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May Book Club - EMMA > More Emma Discussion Questions

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Laura E | 69 comments Mod
As we continue reading Jane Austen's Emma, here are a few more discussion questions to get the conversation going and to think about as you read.

1) What do you think of the book (so far)? How does Emma in the text compare with movie versions you may have seen?
2) As the story progresses, how does Emma's friendship with Harriet change? What does this tell us about Emma's evolution?
3) The introduction to the graphic novel version talks about the importance of transportation to the people in Austen's novel, such as who gets to ride in a carriage, who owns what sort of carriage, who walks instead of taking their carriage, and so on. What do carriages (and other demarcations of class in the novel) show us about what the characters think of themselves and their respective places in society?

Kyland | 29 comments Mod
1) So far, I am enjoying the novel and how Austen plays on the blunders and love triangles that tend to form when a group of young teenagers and twenty somethings are looking for partners. The way Harriet relies on Emma is a big part of the book and one can see how the confusion Emma causes effects everyone. The 2020 film version coincides very well and helps me to understand parts of the book that I may have misunderstood without visualizing the characters actions and facial expressions. There were jokes, arguments and conversations that were scripted word-for-word from Austen's work, which I understood much better when I saw it acted out on screen.
2) From what I've noticed thus far, Emma's friendship with Harriet changes from a mother hen and mentor to an intimate friend. As stated previously, Harriet looked for Emma's approval in every decision she made instead of finding the strength within herself to make those decisions. Emma's confidence and class seemed to far outweigh Harriet's own. However, over time, Harriet began to see that even Emma had imperfections and the propensity to jump to conclusions. She realized that Emma need not always be on a pedestal and that they both had something to teach one another.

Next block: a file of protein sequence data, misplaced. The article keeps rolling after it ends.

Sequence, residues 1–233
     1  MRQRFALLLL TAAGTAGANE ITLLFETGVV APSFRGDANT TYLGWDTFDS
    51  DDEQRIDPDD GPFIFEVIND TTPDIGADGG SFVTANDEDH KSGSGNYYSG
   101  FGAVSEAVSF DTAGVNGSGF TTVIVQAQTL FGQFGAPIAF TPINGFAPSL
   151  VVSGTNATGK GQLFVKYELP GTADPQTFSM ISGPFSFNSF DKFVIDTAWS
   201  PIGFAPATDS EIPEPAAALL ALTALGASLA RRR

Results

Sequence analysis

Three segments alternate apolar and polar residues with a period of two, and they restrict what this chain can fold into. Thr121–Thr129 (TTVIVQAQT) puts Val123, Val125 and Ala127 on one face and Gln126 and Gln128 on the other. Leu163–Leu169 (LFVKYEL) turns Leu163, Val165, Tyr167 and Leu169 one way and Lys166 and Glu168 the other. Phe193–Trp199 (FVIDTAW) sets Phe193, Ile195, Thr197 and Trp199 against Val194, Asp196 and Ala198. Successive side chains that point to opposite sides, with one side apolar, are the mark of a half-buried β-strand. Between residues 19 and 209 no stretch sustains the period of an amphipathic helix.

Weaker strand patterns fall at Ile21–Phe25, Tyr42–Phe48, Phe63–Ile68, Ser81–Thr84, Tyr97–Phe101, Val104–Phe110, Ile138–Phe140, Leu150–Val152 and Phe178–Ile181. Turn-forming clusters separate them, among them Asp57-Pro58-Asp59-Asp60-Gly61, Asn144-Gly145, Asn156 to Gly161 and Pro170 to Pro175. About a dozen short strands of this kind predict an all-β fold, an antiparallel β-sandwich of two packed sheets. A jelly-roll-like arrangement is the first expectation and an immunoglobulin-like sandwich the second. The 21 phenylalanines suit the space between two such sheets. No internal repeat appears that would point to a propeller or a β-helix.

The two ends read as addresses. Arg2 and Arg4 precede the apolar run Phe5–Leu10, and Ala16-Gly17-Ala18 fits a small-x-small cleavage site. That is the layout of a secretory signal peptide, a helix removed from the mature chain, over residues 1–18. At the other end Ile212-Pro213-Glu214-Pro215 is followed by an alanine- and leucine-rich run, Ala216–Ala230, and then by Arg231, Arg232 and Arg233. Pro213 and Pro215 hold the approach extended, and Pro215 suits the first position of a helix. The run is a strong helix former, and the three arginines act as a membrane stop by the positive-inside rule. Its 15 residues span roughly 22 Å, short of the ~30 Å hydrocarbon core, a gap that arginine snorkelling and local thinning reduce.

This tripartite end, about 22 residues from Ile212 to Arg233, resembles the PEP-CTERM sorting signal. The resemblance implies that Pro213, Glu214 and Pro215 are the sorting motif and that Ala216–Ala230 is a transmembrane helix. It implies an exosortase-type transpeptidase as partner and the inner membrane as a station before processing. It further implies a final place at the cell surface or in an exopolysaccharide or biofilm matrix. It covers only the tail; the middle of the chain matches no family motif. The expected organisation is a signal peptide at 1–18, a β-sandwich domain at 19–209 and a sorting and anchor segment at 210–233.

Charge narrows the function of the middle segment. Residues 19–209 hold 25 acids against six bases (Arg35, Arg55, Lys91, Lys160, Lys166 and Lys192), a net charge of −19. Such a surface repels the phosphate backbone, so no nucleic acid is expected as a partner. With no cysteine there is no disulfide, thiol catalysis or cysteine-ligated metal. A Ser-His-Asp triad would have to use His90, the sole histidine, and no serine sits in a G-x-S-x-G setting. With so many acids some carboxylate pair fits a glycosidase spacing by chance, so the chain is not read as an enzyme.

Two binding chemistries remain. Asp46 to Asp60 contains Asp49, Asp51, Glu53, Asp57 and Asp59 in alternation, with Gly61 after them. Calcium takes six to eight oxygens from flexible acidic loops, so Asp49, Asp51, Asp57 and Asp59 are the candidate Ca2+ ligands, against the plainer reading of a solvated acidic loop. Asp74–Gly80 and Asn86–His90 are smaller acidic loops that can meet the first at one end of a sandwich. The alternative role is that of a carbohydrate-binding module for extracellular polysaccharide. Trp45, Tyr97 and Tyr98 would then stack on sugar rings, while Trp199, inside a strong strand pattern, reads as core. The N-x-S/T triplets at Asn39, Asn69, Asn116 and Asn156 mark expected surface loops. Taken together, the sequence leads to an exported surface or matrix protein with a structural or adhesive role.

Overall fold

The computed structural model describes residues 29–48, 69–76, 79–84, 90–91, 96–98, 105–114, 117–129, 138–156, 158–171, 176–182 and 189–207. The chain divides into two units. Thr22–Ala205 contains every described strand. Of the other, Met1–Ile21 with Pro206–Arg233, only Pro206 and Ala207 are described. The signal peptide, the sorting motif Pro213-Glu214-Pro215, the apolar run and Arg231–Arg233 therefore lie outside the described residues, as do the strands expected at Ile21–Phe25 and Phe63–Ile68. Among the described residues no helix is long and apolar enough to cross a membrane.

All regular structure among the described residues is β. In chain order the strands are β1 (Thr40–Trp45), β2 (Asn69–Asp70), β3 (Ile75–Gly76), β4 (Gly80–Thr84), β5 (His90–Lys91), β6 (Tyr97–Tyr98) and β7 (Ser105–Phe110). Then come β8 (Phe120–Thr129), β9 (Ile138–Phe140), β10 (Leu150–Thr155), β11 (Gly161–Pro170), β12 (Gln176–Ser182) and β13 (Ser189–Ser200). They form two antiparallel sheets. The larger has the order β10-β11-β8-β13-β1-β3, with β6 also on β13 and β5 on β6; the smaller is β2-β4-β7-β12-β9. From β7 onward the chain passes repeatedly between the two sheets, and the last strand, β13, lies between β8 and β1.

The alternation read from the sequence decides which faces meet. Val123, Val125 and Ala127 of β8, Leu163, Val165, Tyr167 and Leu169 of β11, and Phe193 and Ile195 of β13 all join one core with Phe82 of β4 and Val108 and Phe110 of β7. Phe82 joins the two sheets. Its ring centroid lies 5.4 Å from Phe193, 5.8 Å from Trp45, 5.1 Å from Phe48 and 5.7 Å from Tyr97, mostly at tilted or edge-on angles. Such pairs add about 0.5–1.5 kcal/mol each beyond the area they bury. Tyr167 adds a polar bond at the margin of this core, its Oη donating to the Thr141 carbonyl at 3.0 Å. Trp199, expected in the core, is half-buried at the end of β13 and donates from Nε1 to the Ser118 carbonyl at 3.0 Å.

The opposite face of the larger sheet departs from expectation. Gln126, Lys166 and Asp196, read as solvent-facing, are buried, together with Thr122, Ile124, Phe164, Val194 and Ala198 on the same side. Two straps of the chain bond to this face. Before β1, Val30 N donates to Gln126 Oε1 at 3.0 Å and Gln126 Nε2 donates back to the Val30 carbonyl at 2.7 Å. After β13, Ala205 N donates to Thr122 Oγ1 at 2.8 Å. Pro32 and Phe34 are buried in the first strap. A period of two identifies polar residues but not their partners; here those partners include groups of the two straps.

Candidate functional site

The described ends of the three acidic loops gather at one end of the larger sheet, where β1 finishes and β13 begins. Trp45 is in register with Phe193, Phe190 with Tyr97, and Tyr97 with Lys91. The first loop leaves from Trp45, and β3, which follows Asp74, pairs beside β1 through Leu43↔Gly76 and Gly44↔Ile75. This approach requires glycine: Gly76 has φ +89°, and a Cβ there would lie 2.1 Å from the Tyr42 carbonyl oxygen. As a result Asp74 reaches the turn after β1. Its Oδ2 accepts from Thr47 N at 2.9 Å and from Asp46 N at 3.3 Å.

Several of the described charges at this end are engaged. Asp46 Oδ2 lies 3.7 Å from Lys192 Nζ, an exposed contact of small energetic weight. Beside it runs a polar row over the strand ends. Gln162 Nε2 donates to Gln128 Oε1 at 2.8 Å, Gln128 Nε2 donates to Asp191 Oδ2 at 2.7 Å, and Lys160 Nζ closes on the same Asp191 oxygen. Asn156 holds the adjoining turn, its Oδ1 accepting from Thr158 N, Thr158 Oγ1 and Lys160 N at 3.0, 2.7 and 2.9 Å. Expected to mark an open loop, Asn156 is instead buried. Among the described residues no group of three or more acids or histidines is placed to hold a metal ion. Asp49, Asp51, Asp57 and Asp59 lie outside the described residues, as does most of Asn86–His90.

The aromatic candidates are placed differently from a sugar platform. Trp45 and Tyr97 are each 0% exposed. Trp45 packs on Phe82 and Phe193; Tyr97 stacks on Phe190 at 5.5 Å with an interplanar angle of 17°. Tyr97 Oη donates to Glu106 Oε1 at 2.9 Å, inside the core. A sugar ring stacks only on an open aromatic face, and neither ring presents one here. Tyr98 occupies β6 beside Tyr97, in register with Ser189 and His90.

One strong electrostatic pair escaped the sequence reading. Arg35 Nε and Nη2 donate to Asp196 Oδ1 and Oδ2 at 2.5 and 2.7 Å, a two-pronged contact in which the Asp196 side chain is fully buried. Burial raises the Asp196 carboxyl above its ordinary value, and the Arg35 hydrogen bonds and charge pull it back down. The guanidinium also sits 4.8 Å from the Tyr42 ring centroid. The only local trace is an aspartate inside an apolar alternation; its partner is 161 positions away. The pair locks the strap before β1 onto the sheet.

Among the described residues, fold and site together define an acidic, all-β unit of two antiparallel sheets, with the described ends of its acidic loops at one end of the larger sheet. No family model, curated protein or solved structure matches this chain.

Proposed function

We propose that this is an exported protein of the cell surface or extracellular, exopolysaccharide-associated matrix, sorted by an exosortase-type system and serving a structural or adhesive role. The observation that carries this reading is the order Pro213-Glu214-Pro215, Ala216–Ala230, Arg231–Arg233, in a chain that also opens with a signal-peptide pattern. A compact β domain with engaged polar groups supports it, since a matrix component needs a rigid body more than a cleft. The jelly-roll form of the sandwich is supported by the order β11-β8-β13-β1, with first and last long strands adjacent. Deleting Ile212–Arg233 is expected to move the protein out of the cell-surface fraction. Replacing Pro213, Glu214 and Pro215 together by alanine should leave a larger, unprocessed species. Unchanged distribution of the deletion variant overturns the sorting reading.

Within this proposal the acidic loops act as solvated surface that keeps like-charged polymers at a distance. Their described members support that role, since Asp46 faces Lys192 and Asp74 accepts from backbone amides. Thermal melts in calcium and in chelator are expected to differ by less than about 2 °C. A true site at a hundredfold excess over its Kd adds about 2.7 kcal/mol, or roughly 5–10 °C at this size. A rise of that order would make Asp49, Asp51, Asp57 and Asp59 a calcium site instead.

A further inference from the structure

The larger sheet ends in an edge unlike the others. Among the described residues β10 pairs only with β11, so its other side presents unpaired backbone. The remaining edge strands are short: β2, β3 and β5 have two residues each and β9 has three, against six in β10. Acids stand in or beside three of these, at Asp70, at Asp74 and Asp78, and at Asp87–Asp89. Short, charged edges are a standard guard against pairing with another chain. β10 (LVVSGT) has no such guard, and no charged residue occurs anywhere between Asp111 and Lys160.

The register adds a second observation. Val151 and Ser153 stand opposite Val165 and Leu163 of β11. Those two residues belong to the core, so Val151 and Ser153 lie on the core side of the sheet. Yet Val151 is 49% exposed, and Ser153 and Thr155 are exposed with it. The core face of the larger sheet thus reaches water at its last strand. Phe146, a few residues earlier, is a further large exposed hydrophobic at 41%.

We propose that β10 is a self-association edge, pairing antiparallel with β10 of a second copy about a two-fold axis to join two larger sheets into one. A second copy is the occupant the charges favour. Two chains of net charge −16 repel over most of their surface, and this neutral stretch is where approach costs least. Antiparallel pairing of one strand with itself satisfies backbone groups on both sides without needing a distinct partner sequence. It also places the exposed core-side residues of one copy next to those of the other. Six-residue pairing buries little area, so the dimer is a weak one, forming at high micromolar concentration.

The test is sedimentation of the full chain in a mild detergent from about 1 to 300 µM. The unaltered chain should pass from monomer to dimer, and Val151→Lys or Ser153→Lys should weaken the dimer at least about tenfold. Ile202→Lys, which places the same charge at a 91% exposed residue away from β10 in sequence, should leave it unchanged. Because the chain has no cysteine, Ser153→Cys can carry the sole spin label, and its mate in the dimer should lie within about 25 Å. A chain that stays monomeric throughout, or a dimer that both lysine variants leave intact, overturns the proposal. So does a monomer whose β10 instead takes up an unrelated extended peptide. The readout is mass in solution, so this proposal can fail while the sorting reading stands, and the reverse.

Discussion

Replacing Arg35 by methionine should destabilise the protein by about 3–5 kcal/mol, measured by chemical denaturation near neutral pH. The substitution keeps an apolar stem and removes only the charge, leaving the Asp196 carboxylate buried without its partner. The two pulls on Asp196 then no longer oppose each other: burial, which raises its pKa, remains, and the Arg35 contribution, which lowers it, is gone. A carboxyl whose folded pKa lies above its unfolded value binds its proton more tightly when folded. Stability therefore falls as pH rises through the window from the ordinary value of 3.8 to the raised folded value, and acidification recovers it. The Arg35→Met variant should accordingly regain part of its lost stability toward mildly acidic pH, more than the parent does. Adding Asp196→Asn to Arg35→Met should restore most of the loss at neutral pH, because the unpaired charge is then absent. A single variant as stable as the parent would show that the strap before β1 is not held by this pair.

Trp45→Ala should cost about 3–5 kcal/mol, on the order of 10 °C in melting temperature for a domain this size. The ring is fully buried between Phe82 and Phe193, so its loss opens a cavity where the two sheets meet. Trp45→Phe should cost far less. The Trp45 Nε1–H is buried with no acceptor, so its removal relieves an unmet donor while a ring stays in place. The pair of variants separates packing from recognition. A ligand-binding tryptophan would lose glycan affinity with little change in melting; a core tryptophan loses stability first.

3) Although I have not read the graphic novel version of this work, I noticed how class demarcation strongly affected the mindsets of the characters. For example, Harriet's station (or lack thereof) was mentioned numerous times (especially by Mr. Knightley) when it came to her options for betrothal. Because of class and/or trade, some characters were made to feel as if they should never even consider the possibility of being married to another because of the great disparity between their stations. Matters of the heart were not taken into account as much as furthering their financial positions in society. When people believe they are not worthy of greatness or love in a higher class due to their past or parentage (circumstances usually outside of one's control), they will never aspire to more. However, Emma believed that Harriet should have the right to aspire to a higher life situation if that was her desire. Her great love for her friend, as well as knowing Harriet's good nature, pushed Emma to find Harriet the best prospects in Highbury. On the other hand, Augusta Elton thought extremely highly of herself due to her position in society. She was very self-centered and arrogant, and many of her peers thought her to be of a lower class in personality than young, station-less Harriet Smith. This displays the importance of character and personality over position in society.

message 3: by Laura (new) - added it

Laura E | 69 comments Mod
Here are some more discussion questions, put together by Kyland with my additions! (Laura)

1) How do you feel Emma's personality is portrayed in the film or other adaptation(s) compared with the novel? Do you feel that the adaptation captures her most important characteristics?

2) How does the relationship between Emma and Mr. Knightley change and what do you think drives the shift? Are the nuances of the developing relationship more evident to you in the novel or in the adaptation(s)?

3) Let's talk about Frank Churchill. Were you surprised by the outcome of his story arch? How do you feel about his behavior to the women in his life? Do we love him or hate him? Did you feel differently about him in the book/film, depending on which you may have finished first?